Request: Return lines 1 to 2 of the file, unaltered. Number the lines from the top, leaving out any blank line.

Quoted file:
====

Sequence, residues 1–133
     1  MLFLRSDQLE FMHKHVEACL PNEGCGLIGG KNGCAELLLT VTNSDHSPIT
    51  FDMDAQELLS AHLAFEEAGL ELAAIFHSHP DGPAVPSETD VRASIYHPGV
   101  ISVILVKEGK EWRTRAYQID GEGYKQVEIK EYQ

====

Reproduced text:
Sequence, residues 1–133
     1  MLFLRSDQLE FMHKHVEACL PNEGCGLIGG KNGCAELLLT VTNSDHSPIT